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Hamas Makes Major Inroad in Balloting

Officials say the radical group may have won a majority of seats in parliament. Results will alter Palestinian politics and talks with Israel.

January 26, 2006|Ken Ellingwood and Laura King | Times Staff Writers

RAMALLAH, West Bank — The radical Hamas movement appeared poised Wednesday to claim more than a third of the seats in the Palestinian parliament, and may even have won a majority.

On Wednesday, the Development Studies Program of Birzeit University projected a Fatah victory, with 46.4% of the vote, in its poll. Hamas appeared to garner 39.5%, according to the poll. Two other polls indicated similar results.

Early this morning, however, some officials in both parties said Hamas appeared to have won. Preliminary results will not be available at least until later today. Kadoura Fares, a senior Fatah official and parliamentary candidate, said that he believed that Hamas had won a majority. He declined to specify how he had reached that conclusion.

If the exit poll margin holds, Palestinian Authority President Mahmoud Abbas' Fatah party will claim 63 of 132 legislative seats, and Hamas will take 58, the pollsters said. The remaining seats are likely to be scattered among a handful of leftist and independent parties that could play kingmaker roles in shaping the next government.

The showing by Hamas will change the face of Palestinian politics by giving the Islamic movement a formal place in the governmental structure for the first time since the Palestinian Authority was formed in 1994.

A government that includes Hamas, which has been responsible for numerous suicide bombings and attacks against Israelis, will present problems for negotiations with Israel, which has demanded that the party renounce violence and its vow to destroy the Jewish state.

The four partners in Mideast negotiations -- the United States, European Union, United Nations and Russia -- issued a statement in December saying any Palestinian Cabinet "should include no member who is not committed to the principles of Israel's right to exist in peace and security and an unequivocal end to violence and terrorism."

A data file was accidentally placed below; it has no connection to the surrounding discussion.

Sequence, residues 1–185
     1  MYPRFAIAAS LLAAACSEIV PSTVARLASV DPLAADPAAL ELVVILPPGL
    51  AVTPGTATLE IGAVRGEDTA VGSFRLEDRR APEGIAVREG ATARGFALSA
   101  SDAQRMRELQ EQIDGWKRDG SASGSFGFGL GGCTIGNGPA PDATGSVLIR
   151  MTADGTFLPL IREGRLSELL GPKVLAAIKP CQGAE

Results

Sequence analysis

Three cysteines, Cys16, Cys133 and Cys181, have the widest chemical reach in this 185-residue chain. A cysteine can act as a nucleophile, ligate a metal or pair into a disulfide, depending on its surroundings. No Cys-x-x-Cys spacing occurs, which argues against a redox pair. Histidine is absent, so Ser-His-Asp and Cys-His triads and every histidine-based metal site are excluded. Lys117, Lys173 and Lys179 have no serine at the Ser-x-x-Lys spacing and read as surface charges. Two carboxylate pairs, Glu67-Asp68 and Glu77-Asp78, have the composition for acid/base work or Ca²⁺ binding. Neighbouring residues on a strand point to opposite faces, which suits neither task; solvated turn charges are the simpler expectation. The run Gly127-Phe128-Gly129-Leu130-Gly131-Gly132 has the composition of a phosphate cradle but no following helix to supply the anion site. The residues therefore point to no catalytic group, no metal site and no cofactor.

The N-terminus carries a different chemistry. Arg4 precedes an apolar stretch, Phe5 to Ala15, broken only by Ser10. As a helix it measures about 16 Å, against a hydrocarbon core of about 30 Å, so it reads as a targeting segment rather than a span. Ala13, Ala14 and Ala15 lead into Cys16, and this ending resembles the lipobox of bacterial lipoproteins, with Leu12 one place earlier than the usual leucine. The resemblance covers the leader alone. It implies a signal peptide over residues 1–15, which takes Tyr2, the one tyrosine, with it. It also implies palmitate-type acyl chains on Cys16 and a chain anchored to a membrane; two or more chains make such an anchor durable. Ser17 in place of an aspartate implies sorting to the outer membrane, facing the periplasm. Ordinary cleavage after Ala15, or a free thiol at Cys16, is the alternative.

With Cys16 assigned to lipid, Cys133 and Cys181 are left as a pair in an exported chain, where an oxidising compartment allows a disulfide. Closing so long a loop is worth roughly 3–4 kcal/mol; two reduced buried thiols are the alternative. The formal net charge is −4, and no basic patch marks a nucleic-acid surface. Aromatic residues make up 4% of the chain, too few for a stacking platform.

State Department spokesman Sean McCormack on Wednesday said that policy still applied.

President Bush, in an interview with the Wall Street Journal before polls closed Wednesday, painted the U.S. stance in stark terms. "Not until you renounce your desire to destroy Israel will we deal with you," he told the newspaper.

Amid tight security, balloting was for the most part orderly and turnout high, officials said. About 78% of the nearly 1.4 million eligible voters took part, election officials said.

Armed groups kept their promise to maintain calm during the voting, which carried a festival-like atmosphere. Scarved women, men in baseball caps and eager schoolchildren clogged the entrances to polling places, shoving leaflets from the 11 parties into voters' hands.

Vivid campaign banners canopied many streets around the West Bank and Gaza Strip, and posters bearing candidate photographs seemed to cover every surface, from the sides of buildings to the trunks of palm trees.

The exit poll projections suggested that Fatah would need the help of smaller secular parties to keep its control of the government.

If Hamas didn't win a majority, Abbas, who would be responsible for naming a prime minister and helping to assemble the next government within five weeks, has said he would not include Hamas as long as it refused to recognize Israel. Hamas' leaders said before the election that they would await vote results before making a decision about whether to seek Cabinet positions or remain an opposition force.

Ali Jarbawi, a political science professor at Birzeit University who was not involved in the exit poll, said that if Hamas did not win a majority of seats, it probably would opt to remain in the opposition.

"We have a polarized system. Hamas has shown a very strong showing in the election. The government is going to be a Fatah coalition, with smaller parties and independents," Jarbawi said late Wednesday. "We're going to have a very strong opposition."

The presence of the Islamic group in the Palestinian government could pose a dilemma for the Bush administration, which classifies Hamas as a terrorist organization and has refused to have dealings with it. A congressional resolution passed last month warned that U.S. aid to the Palestinian Authority could be jeopardized if Hamas joined the government before renouncing violence. European Union officials made a similar threat.

For its part, Israel has said it will not negotiate with members of a movement that it defines as a terrorist group. Hamas is sworn to Israel's destruction and its military wing has carried out dozens of suicide bombings and other attacks since the outbreak of hostilities in 2000.

Israel had no comment on the vote projections, Foreign Ministry spokesman Mark Regev said.

Abbas has expressed hope that Hamas will be tempered by involvement in mainstream Palestinian politics, but he is likely to come under increased pressure from Israel and the international community to disarm the group, and other militias.

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